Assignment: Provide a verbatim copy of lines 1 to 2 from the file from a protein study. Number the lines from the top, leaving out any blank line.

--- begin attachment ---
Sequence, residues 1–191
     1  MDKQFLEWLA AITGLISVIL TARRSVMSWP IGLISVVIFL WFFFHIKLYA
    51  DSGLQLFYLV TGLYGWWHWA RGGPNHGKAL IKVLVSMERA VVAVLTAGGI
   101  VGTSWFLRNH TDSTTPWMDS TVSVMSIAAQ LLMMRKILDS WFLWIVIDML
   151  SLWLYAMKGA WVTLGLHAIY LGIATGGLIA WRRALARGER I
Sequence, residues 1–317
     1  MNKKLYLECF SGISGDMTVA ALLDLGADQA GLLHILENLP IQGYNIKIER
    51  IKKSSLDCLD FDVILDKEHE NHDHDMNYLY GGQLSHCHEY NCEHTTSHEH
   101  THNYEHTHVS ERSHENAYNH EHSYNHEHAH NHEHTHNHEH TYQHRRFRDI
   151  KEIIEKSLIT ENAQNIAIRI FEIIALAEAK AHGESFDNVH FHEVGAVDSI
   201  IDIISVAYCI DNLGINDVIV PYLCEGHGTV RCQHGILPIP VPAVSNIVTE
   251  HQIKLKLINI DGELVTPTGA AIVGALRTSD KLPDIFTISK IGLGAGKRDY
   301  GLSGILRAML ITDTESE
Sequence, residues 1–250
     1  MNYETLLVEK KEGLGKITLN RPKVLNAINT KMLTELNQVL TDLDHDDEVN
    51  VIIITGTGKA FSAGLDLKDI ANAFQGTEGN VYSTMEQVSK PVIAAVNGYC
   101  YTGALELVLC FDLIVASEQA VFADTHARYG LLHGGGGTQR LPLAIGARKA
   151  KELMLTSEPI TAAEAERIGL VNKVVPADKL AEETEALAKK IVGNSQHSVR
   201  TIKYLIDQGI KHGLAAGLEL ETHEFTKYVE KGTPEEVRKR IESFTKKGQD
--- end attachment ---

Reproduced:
Sequence, residues 1–191
     1  MDKQFLEWLA AITGLISVIL TARRSVMSWP IGLISVVIFL WFFFHIKLYA